The level of political discourse in this country has sunk to the point where laser-like focus narrows in on a few choice phrases and words without context to support and reinforce a view — hey, it’s a little like the physics behind lasers, now that I think about it.  Indiscretions and gaffes are dredged up as levers to sway opinion, but end up repeating only what we want to see.  Take a step back instead; although it almost physically hurts, try to read both FOX and the New York Times; surround the story with different perspectives; remember how you learned to see:  everything, details fuzzy perhaps but as a whole.

Mike

Photographic Memory

25 February 2009

Dear J-

Watch the traffic rolling by and close your eyes; do you hear the whirring of engines, or imagine a busy river?  I like the old story about the five blind men coming upon an elephant, each declaring, with justification, that they’d come upon a snake, tree, sheet, brush, or house, depending on which part they touched.  You would imagine that upon hearing the conflicting information they’d each take the time to verify each other’s conclusions, so that’s why the story adds a little addendum about how crochety and stubborn each one was.  Point is that we see so much and, as our primary sense, we believe it best.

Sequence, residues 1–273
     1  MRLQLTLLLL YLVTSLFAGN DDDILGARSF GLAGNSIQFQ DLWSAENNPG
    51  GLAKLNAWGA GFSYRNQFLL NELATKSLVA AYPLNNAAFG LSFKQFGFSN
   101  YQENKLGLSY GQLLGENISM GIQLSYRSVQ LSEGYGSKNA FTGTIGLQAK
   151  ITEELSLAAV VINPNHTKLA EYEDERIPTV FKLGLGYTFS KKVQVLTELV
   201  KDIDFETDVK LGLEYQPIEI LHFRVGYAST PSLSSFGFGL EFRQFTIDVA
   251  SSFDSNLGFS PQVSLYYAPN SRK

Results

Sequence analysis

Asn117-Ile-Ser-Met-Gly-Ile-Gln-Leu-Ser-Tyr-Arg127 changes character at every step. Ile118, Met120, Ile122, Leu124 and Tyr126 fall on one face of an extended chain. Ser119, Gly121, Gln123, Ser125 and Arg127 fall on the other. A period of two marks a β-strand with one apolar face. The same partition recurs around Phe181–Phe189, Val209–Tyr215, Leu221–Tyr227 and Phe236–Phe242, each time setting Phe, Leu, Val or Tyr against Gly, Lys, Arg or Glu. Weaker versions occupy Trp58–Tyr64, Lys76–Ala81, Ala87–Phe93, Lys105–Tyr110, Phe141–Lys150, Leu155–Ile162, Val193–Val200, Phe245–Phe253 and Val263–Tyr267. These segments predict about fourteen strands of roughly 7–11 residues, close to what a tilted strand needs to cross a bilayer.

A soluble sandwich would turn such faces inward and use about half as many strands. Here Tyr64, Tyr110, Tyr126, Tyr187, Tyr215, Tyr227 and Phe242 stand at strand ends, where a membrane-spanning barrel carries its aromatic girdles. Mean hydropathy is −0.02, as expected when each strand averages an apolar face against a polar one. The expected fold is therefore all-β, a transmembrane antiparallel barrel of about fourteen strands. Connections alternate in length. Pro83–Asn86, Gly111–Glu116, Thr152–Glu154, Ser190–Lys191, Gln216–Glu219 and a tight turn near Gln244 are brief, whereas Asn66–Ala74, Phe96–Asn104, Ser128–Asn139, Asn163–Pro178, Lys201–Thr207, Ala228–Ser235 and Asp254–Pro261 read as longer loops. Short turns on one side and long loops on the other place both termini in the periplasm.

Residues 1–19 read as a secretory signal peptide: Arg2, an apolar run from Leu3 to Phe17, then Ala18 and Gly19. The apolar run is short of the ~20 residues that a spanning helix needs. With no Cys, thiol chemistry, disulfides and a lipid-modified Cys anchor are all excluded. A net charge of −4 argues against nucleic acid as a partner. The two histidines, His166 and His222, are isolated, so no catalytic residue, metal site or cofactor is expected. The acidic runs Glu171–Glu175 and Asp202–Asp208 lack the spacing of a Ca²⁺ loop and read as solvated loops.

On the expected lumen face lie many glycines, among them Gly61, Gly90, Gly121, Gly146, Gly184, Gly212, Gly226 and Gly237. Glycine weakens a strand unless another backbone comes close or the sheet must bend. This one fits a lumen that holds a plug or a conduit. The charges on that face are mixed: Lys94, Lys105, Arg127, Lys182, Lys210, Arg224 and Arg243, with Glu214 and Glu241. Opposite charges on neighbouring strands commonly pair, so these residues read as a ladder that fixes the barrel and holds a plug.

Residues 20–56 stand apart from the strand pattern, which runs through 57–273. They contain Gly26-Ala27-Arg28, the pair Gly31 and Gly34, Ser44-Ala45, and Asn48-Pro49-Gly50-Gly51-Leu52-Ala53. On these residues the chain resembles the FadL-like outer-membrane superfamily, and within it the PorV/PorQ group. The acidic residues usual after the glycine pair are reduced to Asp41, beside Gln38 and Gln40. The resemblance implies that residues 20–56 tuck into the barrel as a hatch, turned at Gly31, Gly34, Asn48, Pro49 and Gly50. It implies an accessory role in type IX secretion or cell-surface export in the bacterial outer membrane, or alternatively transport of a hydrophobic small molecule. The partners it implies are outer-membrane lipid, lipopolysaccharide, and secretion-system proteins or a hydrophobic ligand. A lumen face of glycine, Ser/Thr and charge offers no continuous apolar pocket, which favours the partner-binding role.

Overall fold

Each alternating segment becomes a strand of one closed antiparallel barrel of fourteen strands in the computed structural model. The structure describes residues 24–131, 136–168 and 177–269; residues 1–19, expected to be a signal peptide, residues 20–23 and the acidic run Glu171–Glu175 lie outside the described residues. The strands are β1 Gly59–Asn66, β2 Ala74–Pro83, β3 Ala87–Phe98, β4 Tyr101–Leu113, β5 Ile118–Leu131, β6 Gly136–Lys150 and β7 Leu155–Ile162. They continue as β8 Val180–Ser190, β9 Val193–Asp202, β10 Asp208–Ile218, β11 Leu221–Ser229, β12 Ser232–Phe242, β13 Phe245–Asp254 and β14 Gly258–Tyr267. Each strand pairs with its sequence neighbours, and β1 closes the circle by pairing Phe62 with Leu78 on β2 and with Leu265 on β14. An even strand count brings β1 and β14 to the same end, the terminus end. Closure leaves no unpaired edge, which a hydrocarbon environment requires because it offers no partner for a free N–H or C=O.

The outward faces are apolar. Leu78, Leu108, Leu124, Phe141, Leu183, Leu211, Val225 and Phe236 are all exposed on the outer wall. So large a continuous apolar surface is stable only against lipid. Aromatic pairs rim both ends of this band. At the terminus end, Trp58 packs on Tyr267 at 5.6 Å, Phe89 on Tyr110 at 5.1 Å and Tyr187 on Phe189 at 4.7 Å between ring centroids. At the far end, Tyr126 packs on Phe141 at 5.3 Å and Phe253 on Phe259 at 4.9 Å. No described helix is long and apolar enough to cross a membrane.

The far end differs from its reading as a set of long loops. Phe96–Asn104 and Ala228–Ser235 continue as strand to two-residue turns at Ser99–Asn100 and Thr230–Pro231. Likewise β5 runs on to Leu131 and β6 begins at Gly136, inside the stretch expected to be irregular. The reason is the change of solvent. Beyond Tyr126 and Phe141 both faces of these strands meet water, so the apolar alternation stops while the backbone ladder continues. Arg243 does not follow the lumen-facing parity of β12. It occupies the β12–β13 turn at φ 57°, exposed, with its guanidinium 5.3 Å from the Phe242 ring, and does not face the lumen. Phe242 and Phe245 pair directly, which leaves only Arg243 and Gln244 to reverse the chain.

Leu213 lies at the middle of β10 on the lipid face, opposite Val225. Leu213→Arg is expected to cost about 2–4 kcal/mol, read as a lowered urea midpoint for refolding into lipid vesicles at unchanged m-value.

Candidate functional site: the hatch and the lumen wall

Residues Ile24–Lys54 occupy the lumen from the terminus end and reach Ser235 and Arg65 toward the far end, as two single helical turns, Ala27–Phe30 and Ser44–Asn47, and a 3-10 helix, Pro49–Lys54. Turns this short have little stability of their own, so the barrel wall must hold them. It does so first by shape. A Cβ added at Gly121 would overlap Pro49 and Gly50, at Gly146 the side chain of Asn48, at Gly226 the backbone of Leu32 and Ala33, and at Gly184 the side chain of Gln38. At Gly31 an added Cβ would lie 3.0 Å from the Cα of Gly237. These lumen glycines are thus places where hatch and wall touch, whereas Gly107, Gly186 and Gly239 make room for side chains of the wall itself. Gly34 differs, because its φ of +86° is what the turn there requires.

Susan Sontag had some interesting thoughts about photography, including that it grew popular amongst cultures with veneration of long work hours (Germans, Americans, and Japanese) because it provided a pleasant sort of work in leisure time.  On vacation?  Sure, go document x, y, and z and bring back proof in some form.  The old cliche first assignment of “What I Did for Summer Break” is so familiar and trite because we’ve all had to do it at some point — I did a double-take when Godai recalled that he had the same assignment when he was little in Maison Ikkoku, more evidence that the inculcation of a work ethic starts young.

Photography serves as an exact record, in miniature, with less effort and expense than doing your own illustration or painting.  One of Sontag’s assertions is that everything has been photographed at one point, and it leads to a sort of overload where the impact of any one photograph is lessened, whereas when it was practiced by relatively fewer people and photographs were not as readily available, the impact of each was greater.  There’s some truth to it — I am guilty of the kittens-babies-sunsets variety on flickr myself — but in the whole I reject that.  Yes, photography plays up to only the visual sense, but there are so many different ways to depict a scene that the images we take and choose to share are inevitably tied to our own aesthetics.

Different people have different photographic styles, what they call a visual voice; it may degenerate to the form of self-parody but I’m reasonably sure that any number of people would be able to tell an Anne Geddes picture from an Annie Leibowitz one, for instance, or Helmut Lang from Duane Michals from Weegee from Arbus from Weston.  The good photographs tell complete stories with one sense — vision — and between voice, mood, and light, there’s so many different methods of relating experiences that  doubt we’ll ever truly capture all the possible images in the whole world.

Mike